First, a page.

Queen of Spades
Image sizes vary for each
Paper size: 32 x 24 1/2 inches each (81.3 x 62.2 cm each)
Frame size: 34 3/4 x 27 3/8 inches each (88.3 x 69.5 cm each)
Edition of 18
Signed and dated lower right, numbered lower left and titled lower center in graphite on each sheet
Exhibited November 17, 2018 – December 22, 2018
Fred Wilson came to wide acclaim in the early 1990’s when he created an iteration of his ongoing project of “rooms with a view”, titled, “Mining the Museum,” that used the Maryland Historical Society’s collection to encourage viewers to reconsider social and historical narratives. Since that time, Wilson has continued to explore the lesser-known, overlooked, sidelined and/or under-appreciated. His questions, examinations and deconstructions of standard museological practices have shed light on the importance, power and problem of context in understanding objects, situations and stories.
In response to Michael Steinberg’s offer for Wilson to create a suite of images relating to Alexander Pushkin’s famous story “The Queen of Spades,” Wilson wrote:
When I was in Russia I found the Russians very aware of Pushkin’s African ancestry. A black friend of mine was constantly stopped and told he looked like Pushkin. However, they quite correctly believe Pushkin’s greatness is in his words. They feel the American obsession with race is our problem (I could go on about the Russian mentality, but I will leave it at that…). I was invited to St. Petersburg to give a lecture and plan a future museum project. While there I created the idea for a project about Pushkin’s African great-grandfather. It was to be proposed, jointly, to The Hermitage, the Pushkin Museum and the anthropology museum. Alas, it did not happen. However, visiting the Pushkin Museum inspired me greatly.
A short summary of the story of “Queen of Spades” is as follows:
Hermann, an ethnic German, is an officer in the Imperial Russian Army. He watches other officers gamble, but never, himself, plays. One night, one officer tells a story about his grandmother, an elderly countess; Many years ago, in France, she lost a fortune at cards, and then won it back with the secret of the three winning cards. Hermann becomes obsessed with obtaining the secret.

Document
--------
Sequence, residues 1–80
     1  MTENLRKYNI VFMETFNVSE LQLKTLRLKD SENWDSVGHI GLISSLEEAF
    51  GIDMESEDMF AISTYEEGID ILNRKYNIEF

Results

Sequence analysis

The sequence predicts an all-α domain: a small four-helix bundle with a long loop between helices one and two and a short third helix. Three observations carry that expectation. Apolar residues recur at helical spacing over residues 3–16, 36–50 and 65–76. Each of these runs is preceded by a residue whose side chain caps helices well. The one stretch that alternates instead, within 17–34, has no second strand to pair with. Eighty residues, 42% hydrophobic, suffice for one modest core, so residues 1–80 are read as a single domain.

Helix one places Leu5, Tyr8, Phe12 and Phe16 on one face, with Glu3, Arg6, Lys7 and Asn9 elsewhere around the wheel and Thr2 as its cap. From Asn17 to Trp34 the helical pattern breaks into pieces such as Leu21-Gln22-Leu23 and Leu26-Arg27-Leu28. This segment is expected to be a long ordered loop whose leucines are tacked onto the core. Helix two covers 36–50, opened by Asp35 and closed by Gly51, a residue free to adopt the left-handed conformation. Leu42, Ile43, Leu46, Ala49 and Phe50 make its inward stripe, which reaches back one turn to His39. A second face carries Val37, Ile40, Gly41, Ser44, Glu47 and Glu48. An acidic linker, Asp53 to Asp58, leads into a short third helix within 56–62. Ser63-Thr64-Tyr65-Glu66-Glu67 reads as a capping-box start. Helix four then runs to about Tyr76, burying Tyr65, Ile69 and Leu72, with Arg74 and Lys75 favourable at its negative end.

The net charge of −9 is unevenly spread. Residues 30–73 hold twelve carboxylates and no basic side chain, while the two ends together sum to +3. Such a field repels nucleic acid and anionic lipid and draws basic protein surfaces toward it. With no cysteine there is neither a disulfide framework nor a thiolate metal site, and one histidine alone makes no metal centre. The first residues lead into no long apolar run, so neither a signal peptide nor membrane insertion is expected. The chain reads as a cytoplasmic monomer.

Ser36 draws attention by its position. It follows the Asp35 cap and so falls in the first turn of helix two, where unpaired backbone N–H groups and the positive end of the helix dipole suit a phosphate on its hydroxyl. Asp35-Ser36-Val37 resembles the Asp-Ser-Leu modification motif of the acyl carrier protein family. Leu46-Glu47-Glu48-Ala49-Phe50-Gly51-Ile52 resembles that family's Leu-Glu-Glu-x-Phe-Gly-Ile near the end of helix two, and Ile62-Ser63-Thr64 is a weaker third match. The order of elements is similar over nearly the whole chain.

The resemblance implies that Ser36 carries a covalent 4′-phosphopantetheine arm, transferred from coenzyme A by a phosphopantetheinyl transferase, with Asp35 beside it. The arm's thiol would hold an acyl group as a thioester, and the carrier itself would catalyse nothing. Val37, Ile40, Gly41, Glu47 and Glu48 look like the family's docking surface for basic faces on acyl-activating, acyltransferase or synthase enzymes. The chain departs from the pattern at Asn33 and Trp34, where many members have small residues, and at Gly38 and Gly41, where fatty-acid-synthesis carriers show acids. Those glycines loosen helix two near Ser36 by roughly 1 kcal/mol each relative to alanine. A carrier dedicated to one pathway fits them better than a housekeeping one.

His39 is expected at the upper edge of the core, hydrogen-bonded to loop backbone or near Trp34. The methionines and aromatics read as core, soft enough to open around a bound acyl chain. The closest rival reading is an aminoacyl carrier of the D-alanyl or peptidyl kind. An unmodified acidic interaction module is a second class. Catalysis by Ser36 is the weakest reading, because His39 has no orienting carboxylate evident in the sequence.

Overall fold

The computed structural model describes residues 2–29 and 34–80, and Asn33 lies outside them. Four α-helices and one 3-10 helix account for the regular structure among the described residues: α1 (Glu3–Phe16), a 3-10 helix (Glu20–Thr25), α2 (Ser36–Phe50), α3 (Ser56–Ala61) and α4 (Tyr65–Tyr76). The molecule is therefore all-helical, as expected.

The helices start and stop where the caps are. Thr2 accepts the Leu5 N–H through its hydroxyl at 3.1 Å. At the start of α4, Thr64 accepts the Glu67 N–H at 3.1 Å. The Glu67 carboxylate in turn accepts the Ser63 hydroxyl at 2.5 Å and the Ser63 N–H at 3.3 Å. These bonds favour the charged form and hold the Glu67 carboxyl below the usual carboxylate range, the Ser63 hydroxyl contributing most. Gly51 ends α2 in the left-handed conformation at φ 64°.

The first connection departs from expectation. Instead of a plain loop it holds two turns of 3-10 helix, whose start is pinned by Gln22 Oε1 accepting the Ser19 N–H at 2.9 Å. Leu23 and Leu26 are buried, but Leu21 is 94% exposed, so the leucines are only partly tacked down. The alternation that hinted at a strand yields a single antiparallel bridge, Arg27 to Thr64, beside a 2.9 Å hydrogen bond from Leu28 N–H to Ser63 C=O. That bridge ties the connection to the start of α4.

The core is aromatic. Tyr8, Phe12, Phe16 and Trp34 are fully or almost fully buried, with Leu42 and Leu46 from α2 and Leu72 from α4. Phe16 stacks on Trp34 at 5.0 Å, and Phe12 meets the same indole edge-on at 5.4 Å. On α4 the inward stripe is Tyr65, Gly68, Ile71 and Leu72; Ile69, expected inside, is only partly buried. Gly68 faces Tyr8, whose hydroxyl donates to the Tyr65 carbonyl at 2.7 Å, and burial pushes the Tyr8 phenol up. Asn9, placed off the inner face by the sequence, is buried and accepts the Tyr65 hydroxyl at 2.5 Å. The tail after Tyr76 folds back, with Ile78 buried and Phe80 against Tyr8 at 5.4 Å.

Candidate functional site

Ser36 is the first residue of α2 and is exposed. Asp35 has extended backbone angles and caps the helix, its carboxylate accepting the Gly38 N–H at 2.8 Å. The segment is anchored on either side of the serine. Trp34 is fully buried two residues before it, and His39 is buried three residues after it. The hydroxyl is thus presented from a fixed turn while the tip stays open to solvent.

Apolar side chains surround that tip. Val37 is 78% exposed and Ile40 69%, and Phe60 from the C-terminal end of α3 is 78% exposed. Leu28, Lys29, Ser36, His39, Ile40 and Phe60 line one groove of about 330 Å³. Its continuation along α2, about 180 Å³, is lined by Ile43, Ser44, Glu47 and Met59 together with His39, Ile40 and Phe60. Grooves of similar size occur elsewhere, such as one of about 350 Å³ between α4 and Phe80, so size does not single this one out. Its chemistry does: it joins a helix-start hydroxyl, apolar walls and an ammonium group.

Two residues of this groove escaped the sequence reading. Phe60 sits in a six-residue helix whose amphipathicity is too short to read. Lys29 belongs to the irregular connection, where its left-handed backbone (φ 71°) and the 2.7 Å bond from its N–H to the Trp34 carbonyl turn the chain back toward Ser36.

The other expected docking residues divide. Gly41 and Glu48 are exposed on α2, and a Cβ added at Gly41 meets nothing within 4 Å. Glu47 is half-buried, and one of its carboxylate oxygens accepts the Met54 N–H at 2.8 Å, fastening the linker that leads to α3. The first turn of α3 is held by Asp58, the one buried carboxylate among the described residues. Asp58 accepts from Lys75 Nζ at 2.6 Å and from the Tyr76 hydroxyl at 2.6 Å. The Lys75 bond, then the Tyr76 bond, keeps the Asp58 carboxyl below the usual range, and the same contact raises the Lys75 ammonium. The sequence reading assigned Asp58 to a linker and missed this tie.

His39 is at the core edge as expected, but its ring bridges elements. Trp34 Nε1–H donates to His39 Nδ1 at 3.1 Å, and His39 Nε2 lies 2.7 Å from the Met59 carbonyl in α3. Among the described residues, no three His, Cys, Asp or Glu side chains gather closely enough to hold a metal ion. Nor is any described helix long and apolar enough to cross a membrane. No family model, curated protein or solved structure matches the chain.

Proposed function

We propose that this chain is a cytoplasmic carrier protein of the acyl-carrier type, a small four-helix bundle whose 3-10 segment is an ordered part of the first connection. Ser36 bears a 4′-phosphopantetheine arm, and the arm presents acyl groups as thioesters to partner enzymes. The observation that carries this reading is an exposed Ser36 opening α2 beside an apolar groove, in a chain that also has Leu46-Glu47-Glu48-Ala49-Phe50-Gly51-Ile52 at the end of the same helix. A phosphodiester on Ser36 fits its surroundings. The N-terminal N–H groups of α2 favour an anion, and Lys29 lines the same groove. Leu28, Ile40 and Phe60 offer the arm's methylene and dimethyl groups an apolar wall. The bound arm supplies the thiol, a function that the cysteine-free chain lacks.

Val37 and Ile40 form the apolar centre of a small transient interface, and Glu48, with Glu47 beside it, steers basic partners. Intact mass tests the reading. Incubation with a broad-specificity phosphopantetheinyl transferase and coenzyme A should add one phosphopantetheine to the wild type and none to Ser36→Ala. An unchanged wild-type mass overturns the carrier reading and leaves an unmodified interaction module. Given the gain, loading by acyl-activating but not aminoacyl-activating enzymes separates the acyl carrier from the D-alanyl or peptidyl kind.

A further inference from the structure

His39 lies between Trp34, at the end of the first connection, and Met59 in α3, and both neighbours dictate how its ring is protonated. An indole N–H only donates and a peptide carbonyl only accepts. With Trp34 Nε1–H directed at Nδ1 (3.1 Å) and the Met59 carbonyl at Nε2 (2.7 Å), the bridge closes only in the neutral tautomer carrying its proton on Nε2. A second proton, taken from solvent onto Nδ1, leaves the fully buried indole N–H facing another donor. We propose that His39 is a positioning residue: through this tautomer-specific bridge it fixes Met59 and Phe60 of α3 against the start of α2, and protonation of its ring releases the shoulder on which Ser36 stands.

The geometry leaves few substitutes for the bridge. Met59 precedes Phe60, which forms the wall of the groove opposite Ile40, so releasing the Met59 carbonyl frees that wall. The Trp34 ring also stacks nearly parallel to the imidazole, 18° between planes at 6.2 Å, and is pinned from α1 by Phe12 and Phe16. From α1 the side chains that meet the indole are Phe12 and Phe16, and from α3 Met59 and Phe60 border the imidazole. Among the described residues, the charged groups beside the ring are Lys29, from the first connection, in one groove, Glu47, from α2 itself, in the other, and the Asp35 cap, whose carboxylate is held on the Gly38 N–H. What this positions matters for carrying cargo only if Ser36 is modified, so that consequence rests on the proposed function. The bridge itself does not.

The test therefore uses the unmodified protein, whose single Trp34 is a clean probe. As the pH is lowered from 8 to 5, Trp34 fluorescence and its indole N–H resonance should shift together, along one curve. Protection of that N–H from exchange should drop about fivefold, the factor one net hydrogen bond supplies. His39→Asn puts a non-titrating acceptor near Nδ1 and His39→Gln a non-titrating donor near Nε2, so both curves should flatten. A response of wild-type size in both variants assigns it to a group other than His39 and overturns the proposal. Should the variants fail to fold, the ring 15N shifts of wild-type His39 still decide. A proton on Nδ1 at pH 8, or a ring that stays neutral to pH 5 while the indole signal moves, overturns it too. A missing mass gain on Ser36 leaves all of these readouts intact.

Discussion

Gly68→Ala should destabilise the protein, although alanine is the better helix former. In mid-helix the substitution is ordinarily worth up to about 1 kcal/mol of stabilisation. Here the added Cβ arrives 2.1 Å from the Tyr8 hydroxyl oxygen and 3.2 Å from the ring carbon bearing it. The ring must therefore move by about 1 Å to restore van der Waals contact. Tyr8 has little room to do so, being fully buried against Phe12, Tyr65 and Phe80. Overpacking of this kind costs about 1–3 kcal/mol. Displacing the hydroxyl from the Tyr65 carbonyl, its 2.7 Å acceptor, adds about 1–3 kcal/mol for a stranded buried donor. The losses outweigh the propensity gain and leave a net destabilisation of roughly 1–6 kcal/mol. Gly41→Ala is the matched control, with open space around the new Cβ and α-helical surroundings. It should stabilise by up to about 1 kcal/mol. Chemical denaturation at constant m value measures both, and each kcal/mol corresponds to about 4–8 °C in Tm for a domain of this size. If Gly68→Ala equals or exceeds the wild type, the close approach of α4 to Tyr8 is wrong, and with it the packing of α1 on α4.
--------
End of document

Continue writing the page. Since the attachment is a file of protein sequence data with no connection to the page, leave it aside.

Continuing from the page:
The countess (who is now 87 years old) has a young ward, Lizavyeta Ivanovna. Hermann sends love letters to Lizavyeta and persuades her to let him into the house. There, Hermann accosts the countess, demanding the secret. She first tells him that story was a joke, but Hermann refuses to believe her. He repeats his demands, but she does not speak. He draws a pistol and threatens her. The old lady dies of fright. Hermann then flees to the apartment of Lizavyeta in the same building. There he confesses to have killed the countess by fright with his pistol. He defends himself by saying that the pistol was not loaded. He escapes from the house with the aid of Lizavyeta.
Hermann attends the funeral of the countess and is terrified to see the countess open her eyes in the coffin and look at him. Later that night, the ghost of thecountess appears. The ghost names the secret three cards (three, seven, ace), tells him he must play just once each night and then orders him to marry Lizavyeta. Hermann takes his entire savings to a salon, where wealthy men gamble for high stakes. On the first night, he bets it all on the three and wins. On the second night, he wins on the seven. On the third night, he bets on the ace — but when cards are shown, he finds he has bet on the Queen of Spades, rather than the ace, and loses everything. When the Queen appears to wink at him, he is astonished by her remarkable resemblance to the old countess, and flees in terror.